Afrikaners for Dutch in WCup because of heritage

For some South Africans, there is still a “home” team to cheer

for in the World Cup final.

When the Netherlands faces Spain on Sunday at Soccer City, a

good part of the Afrikaner population will be watching closely, and

mostly because of their Dutch roots.

“I feel a strong connection to them because of my heritage,”

said Anja Bredell, a 25-year-old fashion design student from

Pretoria. “I also have blonde hair, blue eyes and fair skin like

most of the Dutch.”

The Dutch East India Company established its first settlement in

Cape Town in 1652, creating what became the Afrikaans culture. More

and more Dutchmen settled in the Western Cape in the ensuing years,

and it is still home to many Afrikaners.

“I certainly feel a connection to the Netherlands, and I feel

like one of them as my great-grandparents are Dutch and because

Afrikaners are possibly closer to them than to any other team that

played in this World Cup,” said Pieter Seyffert, a 24-year-old

professional cyclist from Johannesburg.

Besides the bygone cultural connections between the Afrikaners

and their forebears from the Netherlands, the two peoples also

share a language – though the Afrikaans dialect may get some stares

from people on the streets of Amsterdam.

“As Afrikaners, we do care whether the Netherlands win just

because we have a connection to them,” said Judith Visser, a

21-year-old student from Vanderbijlpark, south of Johannesburg. “I

think half of my family cheer for the Netherlands because of this


After the Dutch migrants, known as “Boers,” created

settlements throughout much of what has become South Africa,

English people started to arrive in the country, creating a bitter

rivalry that resulted in the 1899-1902 Anglo-Boer War.

The English won the war, but the Afrikaners – most of them poor

and uneducated farmers – remained and thrived.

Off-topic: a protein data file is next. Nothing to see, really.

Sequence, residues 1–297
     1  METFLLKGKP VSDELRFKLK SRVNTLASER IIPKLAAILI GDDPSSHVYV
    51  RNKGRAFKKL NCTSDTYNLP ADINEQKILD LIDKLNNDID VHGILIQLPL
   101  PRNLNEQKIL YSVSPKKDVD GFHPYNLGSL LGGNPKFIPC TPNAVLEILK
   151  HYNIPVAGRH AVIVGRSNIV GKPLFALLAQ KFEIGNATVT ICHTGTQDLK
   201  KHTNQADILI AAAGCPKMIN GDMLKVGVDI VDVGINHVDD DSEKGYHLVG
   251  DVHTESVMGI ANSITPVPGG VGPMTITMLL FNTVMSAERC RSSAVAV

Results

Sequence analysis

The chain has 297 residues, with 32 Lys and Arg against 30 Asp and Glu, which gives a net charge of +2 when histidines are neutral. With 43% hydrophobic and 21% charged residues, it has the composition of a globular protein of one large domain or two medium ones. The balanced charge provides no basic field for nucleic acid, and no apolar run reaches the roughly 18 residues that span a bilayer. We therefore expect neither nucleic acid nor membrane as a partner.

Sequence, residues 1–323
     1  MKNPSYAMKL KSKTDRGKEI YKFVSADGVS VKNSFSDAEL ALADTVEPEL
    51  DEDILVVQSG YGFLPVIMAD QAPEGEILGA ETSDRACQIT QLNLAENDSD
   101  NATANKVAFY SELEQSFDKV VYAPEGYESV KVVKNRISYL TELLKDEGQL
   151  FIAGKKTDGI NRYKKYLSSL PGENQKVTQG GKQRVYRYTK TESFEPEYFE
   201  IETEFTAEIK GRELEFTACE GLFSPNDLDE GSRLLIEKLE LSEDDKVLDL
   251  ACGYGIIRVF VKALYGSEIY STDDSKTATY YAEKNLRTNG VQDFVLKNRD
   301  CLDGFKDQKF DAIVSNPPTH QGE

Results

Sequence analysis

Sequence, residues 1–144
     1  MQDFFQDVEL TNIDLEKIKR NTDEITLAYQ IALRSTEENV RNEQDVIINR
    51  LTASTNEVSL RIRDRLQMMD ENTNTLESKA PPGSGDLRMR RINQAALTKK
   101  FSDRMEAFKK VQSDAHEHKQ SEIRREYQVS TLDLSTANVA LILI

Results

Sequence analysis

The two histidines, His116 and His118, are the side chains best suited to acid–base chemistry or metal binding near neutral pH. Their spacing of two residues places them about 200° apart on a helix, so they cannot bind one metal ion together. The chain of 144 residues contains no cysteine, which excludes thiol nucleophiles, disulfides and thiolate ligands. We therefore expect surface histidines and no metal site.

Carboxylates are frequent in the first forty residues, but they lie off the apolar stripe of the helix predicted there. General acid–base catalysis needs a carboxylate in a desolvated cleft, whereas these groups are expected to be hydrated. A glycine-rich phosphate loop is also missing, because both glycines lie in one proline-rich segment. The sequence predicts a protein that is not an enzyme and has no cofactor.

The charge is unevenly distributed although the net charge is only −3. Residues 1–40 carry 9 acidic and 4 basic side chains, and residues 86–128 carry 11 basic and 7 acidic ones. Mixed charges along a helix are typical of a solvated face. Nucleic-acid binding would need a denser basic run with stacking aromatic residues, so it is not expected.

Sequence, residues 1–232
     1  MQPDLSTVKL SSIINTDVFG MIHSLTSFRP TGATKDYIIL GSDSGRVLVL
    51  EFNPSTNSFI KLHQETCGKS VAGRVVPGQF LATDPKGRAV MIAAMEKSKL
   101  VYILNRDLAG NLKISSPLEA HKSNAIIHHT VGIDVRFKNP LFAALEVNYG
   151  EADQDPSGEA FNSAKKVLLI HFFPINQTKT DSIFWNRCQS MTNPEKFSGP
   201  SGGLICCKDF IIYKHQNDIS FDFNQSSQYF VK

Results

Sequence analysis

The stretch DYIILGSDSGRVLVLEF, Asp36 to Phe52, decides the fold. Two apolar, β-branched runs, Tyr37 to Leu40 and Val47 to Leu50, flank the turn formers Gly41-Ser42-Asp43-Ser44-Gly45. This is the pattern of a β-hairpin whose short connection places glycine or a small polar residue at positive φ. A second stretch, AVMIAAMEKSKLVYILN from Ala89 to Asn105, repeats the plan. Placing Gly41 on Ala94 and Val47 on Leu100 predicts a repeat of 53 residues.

The connection between Afrikaners and the Netherlands also has

to do with the fight for democracy and equal rights in South

Africa. The Dutch were one of the strongest and most effective

contributors in the fight against Apartheid.

Between 1948 and 1994, the Afrikaner-dominated government

segregated the population, forcing black people to live in

townships while many whites resided in plush urban areas. Since the

end of that era, civil rights have been restored.

But close connection or not, not every Afrikaner cares too much

about the historic relationship.

“I want Spain to win. I feel no connection whatsoever with the

Dutch,” said Greta Bredell, a 55-year-old copywriter from

Pretoria. “I don’t like them at all.”

Since the end of apartheid 1994, Afrikaans became one of 11

official languages in the multicultural and multiracial South

Africa, and many Afrikaner students now learn in English instead of

their mother tongue. That may be one reason why some of the younger

generation feel more separated from their roots.

“I am not really concerned about my language relations to the

Netherlands,” said Karin van Rooyen, a 21-year-old student from

Witbank, a town southeast of Johannesburg. “But if they should

win, it would be great.”

Another reason for a certain amount of apathy toward the Dutch

national football team is the lure of rugby, traditionally the main

sport for most Afrikaners.

“To me it doesn’t really matter. Whoever plays the best of the

two teams should win,” said David Maree, a 21-year-old

professional cyclist from Potchefstroom. “The Afrikaners in South

Africa have only recently started to watch football, so they are

not as focused on traditions but rather on whether the team that

wins played well and fair.”